Tag Archives: soa1

NetBeans 6.5.1, GlassFish v 2.1, Web Space Server 10 – Creating a Healthcare Facility JSR286-compliant Portlet

In some views SOA is represented as a series of 4 layers: Presentation Layer (SOA 1), Business Process Layer (SOA 2), Business Service Layer (SOA 3) and Technical Layer (SOA 4). Typically each layer higher up in the hierarchy consumes services exposed by the layer under it. So the Presentation Layer would consume services provided by the Business Process or Business Service Layers. Service interfaces are described using Web Services Description Language (WSDL), sheltering service consumers from details of service implementation. Web Services are seen as the technical means to implement the decoupled functional layers in a SOA development. Decoupling allows implementations of business functionality at different layers to be swapped in and out without disturbing other layers in the stack. The SOA 1, Presentation Layer, is often implemented as JSR-168-compliant or JSR-286-complaint Portlets, exposed through a standards-based Portal.

The business idea is that patients are looked after in various healthcare facilities. Applications need to allow selection of a facility and to access facility details for display to human operators. A relational holds details of facilities which are a part of the healthcare enterprise. Facility list and details are available through a web service. This web service will be used to construct the JSR-286-comliant Portlet that provides a user view into the facilities and facility details. This Portlet will be deployed to the Sun FOSS Web Space Server 10 Portal.

Previous documents in this series, “GlassFish ESB v 2.1   Creating a Healthcare Facility Web Service Provider” and “NetBeans 6.5.1 and GlassFish v 2.1 – Creating a Healthcare Facility Visual Web Application”, walked the reader through the process of implementing a GlassFish ESB v2.1-based web service which returns facility list and facility details, and a Visual Web JSF Web Application which used that Web Service to display facility list and details.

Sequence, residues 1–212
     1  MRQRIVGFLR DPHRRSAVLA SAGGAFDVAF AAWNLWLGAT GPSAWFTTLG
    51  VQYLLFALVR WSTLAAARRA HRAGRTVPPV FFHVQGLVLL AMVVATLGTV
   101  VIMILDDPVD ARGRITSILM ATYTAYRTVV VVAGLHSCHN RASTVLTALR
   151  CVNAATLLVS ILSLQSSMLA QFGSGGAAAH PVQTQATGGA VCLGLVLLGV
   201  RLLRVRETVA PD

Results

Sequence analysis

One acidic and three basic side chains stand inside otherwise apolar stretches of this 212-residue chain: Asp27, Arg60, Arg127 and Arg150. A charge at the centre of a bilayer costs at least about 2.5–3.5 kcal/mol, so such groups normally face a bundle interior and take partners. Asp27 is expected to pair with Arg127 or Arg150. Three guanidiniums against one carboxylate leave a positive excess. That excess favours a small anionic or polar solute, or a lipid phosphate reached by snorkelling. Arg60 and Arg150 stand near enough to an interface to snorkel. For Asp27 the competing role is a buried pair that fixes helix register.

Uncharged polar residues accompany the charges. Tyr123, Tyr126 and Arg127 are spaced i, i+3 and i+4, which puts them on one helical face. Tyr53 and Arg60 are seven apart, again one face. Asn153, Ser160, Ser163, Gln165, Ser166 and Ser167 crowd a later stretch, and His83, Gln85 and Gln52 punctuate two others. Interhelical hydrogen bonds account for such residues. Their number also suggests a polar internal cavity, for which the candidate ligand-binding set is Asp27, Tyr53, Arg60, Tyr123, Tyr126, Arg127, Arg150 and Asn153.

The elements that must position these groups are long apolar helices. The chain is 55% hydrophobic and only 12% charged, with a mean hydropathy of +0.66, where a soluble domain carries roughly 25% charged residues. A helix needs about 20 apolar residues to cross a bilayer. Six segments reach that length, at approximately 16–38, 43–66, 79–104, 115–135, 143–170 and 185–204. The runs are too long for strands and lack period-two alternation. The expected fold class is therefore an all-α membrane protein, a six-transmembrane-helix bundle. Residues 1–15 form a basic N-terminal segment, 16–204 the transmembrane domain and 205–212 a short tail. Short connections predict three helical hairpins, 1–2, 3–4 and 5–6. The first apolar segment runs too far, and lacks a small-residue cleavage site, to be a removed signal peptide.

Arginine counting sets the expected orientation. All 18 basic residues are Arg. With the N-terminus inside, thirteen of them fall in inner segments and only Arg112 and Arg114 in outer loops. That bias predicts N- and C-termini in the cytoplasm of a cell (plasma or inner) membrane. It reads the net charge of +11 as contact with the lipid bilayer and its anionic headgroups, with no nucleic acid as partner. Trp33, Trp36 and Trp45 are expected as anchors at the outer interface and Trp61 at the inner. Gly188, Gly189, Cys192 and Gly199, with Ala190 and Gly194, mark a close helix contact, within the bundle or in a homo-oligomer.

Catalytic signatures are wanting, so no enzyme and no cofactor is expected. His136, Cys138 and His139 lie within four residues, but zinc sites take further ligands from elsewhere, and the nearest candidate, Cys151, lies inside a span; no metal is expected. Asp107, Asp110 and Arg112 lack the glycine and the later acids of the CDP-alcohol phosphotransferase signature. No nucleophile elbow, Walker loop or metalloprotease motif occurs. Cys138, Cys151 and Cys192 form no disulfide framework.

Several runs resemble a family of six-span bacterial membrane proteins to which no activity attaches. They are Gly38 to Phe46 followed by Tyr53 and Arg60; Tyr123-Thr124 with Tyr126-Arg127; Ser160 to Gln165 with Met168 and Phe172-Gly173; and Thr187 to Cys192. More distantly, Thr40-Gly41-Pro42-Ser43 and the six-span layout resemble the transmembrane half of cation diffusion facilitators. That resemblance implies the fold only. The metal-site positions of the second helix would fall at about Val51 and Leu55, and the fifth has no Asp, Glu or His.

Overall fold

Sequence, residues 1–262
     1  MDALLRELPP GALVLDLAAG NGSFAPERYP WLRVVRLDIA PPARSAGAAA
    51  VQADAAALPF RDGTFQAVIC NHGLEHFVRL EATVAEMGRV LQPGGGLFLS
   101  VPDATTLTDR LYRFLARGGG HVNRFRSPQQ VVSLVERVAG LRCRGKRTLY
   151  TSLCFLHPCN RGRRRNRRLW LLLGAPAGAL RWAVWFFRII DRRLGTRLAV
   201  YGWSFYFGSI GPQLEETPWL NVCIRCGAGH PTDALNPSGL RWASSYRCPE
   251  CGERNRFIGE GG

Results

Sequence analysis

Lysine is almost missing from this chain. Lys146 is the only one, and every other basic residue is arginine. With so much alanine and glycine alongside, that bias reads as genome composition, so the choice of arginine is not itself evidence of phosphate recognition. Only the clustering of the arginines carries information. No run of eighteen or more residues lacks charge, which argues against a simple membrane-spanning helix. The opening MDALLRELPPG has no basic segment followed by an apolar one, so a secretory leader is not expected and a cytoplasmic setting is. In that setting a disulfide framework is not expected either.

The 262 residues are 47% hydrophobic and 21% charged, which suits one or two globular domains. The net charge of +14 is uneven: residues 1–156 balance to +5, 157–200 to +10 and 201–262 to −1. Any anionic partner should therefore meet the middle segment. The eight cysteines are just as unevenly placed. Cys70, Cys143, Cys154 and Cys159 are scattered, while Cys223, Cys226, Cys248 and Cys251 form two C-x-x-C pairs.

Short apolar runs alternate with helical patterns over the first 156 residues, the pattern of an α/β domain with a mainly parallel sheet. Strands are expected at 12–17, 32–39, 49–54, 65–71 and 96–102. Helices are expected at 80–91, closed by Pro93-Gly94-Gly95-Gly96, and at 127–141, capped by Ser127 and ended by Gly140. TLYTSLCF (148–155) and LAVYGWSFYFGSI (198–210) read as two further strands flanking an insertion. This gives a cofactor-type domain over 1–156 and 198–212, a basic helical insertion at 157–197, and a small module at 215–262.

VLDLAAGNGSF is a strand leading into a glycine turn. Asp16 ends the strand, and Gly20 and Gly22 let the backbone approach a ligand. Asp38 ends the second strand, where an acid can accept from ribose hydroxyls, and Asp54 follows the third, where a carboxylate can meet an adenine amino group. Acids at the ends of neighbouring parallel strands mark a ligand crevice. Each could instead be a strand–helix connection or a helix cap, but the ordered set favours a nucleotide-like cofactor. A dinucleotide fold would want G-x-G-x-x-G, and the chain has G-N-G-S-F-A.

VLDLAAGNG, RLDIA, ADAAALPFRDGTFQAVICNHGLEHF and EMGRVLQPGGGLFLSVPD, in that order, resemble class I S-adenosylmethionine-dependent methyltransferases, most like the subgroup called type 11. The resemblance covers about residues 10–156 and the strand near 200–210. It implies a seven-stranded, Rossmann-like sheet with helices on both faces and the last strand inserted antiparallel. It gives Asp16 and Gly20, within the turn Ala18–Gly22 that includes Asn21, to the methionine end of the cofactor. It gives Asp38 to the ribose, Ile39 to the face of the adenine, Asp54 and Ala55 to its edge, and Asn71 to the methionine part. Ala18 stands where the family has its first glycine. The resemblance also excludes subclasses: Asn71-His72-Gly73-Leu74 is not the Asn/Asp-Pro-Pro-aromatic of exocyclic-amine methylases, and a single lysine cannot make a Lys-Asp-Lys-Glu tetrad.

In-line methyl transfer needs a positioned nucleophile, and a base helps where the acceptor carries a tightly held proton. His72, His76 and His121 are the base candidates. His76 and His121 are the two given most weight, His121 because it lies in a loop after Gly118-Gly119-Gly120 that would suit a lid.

In this document I will walk through the process of developing a JSR-286-compliant Visual Web JSF Portlet, deployed to the Sun Web Space Server 10 Portal, which will use the Web Service as a data provider. We will use the NetBeans 6.5.1 IDE, which comes as part of the GlassFish ESB v2.1 installation, the Portal Pack 3.0.1 NetBeans Plugin and the JSF Portal Bridge infrastructure provided by the Web Space Server 10. The Portlet will be implemented as a Visual Web JavaServer Faces Portlet using JSF components provided by Project Woodstock. The Portlet will introduce the technology in a practical manner and will show how a web service can be used as a data provider, decoupling the web application from the data stores and specifics of data provision.

Note that this document is not a tutorial on JavaServer Faces, Visual Web JSF, Project Woodstock components or Portlet development. Note also that all the components and technologies used are either distributed as part of the NetBeans 6.5, as part of the GalssFish ESB v2.1, as part of the Web Space Server 10 or are readily pluggable into the NetBeans IDE. All are free and open source.

Here is the document: 01_FacilityService_WebSpacePortlet.pdf

NetBeans 6.5.1 and GlassFish v 2.1 – Creating a Healthcare Facility Visual Web Application

In some views SOA is represented as a series of 4 layers: Presentation Layer (SOA 1), Business Process Layer (SOA 2), Business Service Layer (SOA 3) and Technical Layer (SOA 4). Typically each layer higher up in the hierarchy consumes services exposed by the layer under it. So the Presentation Layer would consume services provided by the Business Process or Business Service Layers. Service interfaces are described using Web Services Description Language (WSDL), sheltering service consumers from details of service implementation. Web Services are seen as the technical means to implement the decoupled functional layers in a SOA development. Decoupling allows implementations of business functionality at different layers to be swapped in and out without disturbing other layers in the stack.